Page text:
Lauren Weihe is a student at Doane College and is an ISA Classmates Connecting Cultures blogger corresponding with students at Pound Middle School in Lincoln, Nebraska. Lauren is currently studying abroad in San Jose, Costa Rica on a Fall 2B program.
Well, I’ve survived a hectic first week of classes down in Costa Rica. My typical school day looks something like this: get up around 6:30-6:45, breakfast at 7, class from 8-12, lunch and occasionally ISA meetings, a couple hours of break (also known as homework time!), then class until 6 or 7 at night. The class schedules here are much different, and in many ways more demanding than at home, yet at the same time much more relaxed. Although I spend 6 to 8 hours every day in class, I don’t often have much homework (unless it’s for my conversation Spanish class, for which I have 3 oral presentations this week).
Go anywhere in Costa Rica and you will immediately notice that punctuality is more a suggestion which can accommodate your schedule, not an absolute rule that dictates your daily life. School is no exception—it is not only likely your teacher will be 5-10 minutes “late;” it’s the norm. So although the sheer number of hours spent in the classroom can feel overwhelming, the Costa Ricans know that sometimes you need to loosen up and relax.
One way I’ve discovered the students relax here is through activities offered by the university such as cooking classes, yoga, self-defense classes, and dance classes. Mostly because it was free and I figured “why not?” I decided to go to dance class last Tuesday. The majority of the people there were international students like me who wanted to try something new, but there were one or two locals as well.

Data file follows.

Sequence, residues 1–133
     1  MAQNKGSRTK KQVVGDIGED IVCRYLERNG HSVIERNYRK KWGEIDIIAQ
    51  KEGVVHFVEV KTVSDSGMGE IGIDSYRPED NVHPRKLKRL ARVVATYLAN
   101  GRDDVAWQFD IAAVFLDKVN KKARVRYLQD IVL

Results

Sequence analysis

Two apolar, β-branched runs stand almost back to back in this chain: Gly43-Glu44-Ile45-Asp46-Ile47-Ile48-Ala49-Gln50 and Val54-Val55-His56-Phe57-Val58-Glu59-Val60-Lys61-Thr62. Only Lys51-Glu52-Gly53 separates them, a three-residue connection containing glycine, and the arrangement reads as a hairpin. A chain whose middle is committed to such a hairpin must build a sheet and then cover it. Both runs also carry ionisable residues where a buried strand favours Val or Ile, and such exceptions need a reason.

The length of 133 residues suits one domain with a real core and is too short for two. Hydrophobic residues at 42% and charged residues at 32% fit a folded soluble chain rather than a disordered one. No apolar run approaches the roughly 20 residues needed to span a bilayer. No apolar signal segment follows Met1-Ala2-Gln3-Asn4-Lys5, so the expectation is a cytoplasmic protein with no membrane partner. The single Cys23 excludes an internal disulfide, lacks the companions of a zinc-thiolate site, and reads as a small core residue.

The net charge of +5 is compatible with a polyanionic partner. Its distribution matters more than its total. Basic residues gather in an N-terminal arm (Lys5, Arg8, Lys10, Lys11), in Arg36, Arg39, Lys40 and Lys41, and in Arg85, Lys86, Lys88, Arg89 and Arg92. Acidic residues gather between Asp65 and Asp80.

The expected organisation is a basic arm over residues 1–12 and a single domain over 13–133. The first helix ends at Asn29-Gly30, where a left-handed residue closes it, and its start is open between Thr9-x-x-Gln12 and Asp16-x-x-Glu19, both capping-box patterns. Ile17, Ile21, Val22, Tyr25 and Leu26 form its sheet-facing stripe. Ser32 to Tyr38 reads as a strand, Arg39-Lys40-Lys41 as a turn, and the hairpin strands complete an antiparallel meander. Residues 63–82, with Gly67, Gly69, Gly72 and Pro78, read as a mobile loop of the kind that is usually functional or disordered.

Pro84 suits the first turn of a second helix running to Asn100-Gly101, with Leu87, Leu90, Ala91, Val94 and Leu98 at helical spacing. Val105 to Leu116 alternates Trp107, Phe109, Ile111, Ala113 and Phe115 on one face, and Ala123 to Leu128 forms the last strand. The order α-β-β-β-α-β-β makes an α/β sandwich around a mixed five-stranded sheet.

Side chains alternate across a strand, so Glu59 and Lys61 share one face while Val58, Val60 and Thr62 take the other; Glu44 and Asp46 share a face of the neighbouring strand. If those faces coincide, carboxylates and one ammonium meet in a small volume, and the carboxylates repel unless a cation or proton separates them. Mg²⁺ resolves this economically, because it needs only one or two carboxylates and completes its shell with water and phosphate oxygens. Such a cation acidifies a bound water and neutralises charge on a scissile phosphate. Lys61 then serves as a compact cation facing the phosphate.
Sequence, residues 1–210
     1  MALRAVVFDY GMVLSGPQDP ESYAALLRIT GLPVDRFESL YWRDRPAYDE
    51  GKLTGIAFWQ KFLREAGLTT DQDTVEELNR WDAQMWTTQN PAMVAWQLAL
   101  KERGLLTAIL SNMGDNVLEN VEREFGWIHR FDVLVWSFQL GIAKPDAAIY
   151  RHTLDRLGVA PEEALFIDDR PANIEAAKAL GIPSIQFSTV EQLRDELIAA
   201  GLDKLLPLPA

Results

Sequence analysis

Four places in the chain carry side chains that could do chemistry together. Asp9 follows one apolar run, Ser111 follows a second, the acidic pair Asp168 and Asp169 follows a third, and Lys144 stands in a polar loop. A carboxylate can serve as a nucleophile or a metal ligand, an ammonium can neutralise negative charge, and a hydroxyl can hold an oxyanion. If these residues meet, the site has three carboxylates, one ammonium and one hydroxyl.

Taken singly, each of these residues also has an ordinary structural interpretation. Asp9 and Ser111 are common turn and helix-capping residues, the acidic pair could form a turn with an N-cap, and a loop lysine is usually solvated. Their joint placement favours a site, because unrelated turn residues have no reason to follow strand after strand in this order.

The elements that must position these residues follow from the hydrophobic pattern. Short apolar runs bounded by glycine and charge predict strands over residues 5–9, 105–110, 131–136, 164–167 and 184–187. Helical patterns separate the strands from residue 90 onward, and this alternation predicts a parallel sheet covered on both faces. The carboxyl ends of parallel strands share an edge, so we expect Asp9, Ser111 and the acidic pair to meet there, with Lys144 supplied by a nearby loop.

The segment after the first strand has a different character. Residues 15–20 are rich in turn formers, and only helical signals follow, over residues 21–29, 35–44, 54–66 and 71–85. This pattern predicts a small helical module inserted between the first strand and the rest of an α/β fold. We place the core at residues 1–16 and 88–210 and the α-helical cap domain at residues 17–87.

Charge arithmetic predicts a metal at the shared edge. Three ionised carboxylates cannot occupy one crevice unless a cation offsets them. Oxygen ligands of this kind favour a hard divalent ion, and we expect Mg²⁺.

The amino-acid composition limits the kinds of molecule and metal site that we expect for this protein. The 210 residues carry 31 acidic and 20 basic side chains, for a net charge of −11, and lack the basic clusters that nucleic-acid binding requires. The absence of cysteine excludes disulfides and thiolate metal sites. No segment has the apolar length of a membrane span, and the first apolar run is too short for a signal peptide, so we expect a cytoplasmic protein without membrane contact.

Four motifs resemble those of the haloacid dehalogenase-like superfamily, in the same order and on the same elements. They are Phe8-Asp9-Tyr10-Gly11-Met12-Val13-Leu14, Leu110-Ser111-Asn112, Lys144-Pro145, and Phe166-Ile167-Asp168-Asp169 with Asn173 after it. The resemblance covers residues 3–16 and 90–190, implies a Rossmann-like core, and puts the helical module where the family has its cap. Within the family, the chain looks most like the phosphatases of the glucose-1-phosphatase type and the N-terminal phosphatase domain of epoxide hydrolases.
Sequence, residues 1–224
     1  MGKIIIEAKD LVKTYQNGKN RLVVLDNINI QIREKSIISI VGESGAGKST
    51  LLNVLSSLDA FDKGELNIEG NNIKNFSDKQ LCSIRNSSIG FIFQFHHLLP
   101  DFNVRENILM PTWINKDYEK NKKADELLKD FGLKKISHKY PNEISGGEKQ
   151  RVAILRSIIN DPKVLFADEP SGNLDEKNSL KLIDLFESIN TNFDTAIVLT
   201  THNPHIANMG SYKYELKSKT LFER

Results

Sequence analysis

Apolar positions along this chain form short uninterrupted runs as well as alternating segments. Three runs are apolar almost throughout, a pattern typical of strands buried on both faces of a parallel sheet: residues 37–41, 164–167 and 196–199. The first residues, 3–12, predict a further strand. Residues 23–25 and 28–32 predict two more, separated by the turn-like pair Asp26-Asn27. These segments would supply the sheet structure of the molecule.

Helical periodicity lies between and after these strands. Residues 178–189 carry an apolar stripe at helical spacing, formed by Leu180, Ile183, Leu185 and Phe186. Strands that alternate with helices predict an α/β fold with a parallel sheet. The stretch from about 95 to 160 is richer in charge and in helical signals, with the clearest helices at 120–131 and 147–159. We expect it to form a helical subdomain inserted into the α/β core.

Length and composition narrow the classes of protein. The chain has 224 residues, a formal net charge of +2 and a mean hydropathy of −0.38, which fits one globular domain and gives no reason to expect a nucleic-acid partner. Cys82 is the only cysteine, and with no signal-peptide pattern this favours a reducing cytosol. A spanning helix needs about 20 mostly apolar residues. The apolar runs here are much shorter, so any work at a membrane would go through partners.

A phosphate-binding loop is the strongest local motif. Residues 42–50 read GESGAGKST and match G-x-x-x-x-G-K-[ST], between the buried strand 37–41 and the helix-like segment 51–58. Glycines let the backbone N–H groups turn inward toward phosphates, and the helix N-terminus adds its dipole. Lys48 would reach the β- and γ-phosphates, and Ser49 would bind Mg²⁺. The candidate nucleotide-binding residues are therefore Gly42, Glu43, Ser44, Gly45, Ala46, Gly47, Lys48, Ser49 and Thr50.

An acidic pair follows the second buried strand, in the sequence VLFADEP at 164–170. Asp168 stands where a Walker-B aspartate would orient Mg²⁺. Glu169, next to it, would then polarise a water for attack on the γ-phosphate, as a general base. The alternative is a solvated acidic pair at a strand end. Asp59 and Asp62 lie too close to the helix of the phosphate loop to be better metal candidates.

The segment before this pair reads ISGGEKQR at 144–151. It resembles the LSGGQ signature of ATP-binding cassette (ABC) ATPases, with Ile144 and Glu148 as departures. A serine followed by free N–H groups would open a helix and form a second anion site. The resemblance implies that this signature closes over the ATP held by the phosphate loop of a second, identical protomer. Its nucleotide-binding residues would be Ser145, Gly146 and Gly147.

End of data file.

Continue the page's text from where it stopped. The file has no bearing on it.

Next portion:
I am a terrible dancer, there is absolutely no doubt about that. It sort of falls under the category of skills that require at minimum some semblance of coordination (also in this category would be sports of any kind, walking without tripping over something, you get the idea). But the wonderful thing about taking a class such as this is that everyone thinks they’re a bad dancer, no one knows what they’re doing, and they’re too focused on their own actions to pay attention to what everyone else is doing. It is surprisingly easy to let go of any insecurities or feelings of self-consciousness.
Once class began, the students started moving in a big mob to their own interpretation of the steps, a result of attempting to mimic the teacher’s movements but lacking the experience and space to copy them exactly. I’m sure there were many feet stepped on and many collisions. We learned the basic steps of both merengue and salsa, two popular dances in Latin America. Once we had mastered them as well as we were going to, we partnered up and danced in pairs, learning new moves as partners while constantly dancing the basic steps we learned individually. Of course there were too many mistakes to count and much improvisation, but at the end of the night, it was still a fun experience. Maybe not something I’d do again, but it was still an experience I wouldn’t have wanted to miss.
Lauren – The merengue is “the” dance in “Dirty Dancing”. G’ma
I am a student at Concordia and I really would like to study abroad in Costa Rica this next fall. I would love to talk to you about your experience. If you feel up to answering a few questions I would greatly appreciate it! Thanks!